Some Marxists call the factors that interfere with judgment “false consciousness.” They argue that false consciousness accounts for the failure of revolutionary ideology to attract adherents among the working class in the developed world. On this view, it wasn’t outright repression or censorship that prevented the workers from adopting a Marxist perspective. It is was the subtle and concealed influence of capital on their ability to exercise their capacity to make their own decisions.
These tensions in Mill’s defense of intellectual freedom were recognized in the 19th century. What we now call political correctness was first articulated in the 1960s by the brilliant German-born philosopher Herbert Marcuse. Marcuse’s achievement was to turn Mill’s argument for free discussion, at least in a modern Western society, against its explicit conclusion.
Marcuse undertakes this inversion, worthy of a black belt in dialectical reasoning, in the 1965 essay “Repressive Tolerance.” In it, Marcuse argues that the marketplace of ideas can’t function as Mill expected, because the game is rigged in favor of those who are already powerful. Some ideas enjoy underserved appeal due to tradition or the prestige of their advocates. And “consumers” are not really free to choose, given the influence of advertising and the pressures of social and economic need. Thus the outcome of formally free debate is actually predetermined. The ideas that win will generally be those that justify the existing order; those that lose will be those that challenge the structure.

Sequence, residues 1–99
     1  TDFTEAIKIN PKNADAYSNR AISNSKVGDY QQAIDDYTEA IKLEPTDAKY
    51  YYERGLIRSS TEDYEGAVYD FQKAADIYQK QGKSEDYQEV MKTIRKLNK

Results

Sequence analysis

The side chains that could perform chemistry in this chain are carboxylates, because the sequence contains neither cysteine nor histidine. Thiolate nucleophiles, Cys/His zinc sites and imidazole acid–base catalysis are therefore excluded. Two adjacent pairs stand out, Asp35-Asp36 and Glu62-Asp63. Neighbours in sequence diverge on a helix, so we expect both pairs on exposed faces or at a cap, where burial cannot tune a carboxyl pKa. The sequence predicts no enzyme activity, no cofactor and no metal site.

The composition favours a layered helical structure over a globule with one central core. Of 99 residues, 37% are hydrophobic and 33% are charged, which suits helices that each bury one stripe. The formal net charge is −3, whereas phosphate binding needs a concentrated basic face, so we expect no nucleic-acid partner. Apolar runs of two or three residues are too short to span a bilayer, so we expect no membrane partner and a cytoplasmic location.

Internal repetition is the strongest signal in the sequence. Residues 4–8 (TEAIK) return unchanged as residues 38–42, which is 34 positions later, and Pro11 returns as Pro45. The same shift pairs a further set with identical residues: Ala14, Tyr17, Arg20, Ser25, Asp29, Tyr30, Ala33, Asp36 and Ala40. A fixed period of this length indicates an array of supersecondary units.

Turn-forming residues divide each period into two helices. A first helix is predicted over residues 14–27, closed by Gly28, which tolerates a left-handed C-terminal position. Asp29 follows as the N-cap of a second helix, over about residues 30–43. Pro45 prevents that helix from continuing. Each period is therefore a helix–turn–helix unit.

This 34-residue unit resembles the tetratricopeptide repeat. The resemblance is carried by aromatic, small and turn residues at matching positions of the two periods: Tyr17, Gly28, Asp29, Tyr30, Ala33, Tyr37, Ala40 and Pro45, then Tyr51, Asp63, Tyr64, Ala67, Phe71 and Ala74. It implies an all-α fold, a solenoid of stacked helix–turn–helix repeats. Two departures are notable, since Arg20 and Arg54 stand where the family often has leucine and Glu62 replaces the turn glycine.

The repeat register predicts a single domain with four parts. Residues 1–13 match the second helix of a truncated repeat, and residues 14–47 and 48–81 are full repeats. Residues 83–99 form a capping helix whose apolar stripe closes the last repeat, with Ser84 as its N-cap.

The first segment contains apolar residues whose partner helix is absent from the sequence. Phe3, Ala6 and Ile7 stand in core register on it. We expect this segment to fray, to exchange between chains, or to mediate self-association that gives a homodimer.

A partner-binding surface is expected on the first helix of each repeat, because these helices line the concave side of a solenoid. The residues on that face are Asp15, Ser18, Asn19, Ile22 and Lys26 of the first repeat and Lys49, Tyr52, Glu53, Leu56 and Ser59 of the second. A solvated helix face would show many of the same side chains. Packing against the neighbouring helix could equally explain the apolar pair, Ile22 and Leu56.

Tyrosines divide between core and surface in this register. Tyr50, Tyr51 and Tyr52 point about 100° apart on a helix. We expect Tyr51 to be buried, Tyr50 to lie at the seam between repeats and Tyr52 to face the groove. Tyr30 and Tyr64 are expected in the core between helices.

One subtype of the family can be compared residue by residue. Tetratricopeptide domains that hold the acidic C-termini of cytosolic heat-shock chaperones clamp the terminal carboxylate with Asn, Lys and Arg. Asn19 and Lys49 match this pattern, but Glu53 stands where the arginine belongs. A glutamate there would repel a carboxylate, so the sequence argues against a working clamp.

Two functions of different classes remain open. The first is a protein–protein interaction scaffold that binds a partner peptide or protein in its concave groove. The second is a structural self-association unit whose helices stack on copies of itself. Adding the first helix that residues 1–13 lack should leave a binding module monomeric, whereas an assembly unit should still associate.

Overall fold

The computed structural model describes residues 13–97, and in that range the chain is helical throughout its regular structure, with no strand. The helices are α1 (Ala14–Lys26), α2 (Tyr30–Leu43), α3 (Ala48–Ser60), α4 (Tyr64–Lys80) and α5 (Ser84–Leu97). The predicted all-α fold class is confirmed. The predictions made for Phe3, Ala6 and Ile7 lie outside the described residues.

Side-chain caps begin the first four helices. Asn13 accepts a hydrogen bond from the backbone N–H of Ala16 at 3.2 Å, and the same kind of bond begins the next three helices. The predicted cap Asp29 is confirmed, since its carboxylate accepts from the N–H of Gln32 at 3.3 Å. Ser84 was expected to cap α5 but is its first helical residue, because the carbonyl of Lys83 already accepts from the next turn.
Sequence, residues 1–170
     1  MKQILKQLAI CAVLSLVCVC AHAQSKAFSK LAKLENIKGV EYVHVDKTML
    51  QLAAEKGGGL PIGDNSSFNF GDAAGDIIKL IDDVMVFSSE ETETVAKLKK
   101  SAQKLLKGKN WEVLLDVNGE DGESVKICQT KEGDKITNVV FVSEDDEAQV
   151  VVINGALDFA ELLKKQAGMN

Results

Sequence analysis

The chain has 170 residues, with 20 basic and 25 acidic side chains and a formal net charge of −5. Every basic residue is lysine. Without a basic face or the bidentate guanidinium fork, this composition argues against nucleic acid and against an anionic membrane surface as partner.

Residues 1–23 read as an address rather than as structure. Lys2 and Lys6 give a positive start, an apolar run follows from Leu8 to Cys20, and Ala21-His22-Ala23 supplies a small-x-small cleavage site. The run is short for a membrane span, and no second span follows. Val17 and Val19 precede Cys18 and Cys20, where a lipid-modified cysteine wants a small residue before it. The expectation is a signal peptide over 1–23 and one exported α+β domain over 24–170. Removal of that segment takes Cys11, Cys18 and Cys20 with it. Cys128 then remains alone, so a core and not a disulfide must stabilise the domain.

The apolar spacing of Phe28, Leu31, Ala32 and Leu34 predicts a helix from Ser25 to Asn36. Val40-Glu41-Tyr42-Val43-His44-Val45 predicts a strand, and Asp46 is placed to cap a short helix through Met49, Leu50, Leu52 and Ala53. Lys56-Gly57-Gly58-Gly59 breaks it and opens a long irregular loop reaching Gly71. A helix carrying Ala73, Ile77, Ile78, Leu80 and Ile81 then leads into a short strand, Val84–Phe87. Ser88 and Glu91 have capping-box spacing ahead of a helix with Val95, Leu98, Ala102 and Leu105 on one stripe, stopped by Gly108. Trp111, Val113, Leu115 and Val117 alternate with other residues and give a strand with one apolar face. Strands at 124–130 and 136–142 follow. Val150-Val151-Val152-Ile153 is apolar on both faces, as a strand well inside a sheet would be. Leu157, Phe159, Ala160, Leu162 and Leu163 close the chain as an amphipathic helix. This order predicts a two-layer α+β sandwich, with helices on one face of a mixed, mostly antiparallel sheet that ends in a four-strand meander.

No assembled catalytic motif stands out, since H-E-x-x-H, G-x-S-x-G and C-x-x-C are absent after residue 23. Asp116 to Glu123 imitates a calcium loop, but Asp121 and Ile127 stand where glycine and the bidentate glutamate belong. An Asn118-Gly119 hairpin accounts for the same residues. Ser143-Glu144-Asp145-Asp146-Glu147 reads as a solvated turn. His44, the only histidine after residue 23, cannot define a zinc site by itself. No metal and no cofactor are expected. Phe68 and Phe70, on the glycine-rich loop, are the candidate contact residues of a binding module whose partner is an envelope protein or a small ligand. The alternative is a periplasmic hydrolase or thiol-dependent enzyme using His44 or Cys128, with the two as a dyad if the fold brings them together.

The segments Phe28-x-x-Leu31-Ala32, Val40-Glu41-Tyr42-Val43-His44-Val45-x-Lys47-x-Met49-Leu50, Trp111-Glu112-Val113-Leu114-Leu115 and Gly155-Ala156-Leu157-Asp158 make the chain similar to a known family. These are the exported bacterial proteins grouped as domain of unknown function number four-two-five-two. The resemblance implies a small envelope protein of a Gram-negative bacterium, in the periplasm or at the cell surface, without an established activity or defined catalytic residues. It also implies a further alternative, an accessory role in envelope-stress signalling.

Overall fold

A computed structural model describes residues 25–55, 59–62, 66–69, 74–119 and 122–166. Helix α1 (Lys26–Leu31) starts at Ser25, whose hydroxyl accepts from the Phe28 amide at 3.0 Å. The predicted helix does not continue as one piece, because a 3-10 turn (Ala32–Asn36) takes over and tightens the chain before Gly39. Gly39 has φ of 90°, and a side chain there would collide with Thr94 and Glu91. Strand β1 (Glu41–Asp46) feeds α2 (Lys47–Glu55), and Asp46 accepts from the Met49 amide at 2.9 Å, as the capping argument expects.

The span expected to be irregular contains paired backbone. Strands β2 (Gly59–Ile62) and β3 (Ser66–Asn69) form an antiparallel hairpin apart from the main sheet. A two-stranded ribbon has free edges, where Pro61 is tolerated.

This prong of the argument is close to the standard critique of false consciousness. But Marcuse links it to Mill’s distinction between those who are and are not capable of participating in and benefitting from the unrestricted exchange of ideas.
According to Marcuse, many people who appear to be rational, self-determining men and women are actually in a condition of ideological enforced immaturity. They are therefore incapable of exercising the kind of judgment that Mill’s argument presumes. In order to make debate meaningful, they need to be properly educated. This education is the responsibility of those who have already shown themselves to be capable of thinking for themselves—in this case, left-wing intellectuals rather than Victorian colonial administrators.
One might wonder how either Mill or Marcuse could be so sure that their kind of people knew what was best for others. The answer is that they regarded the truth as obvious.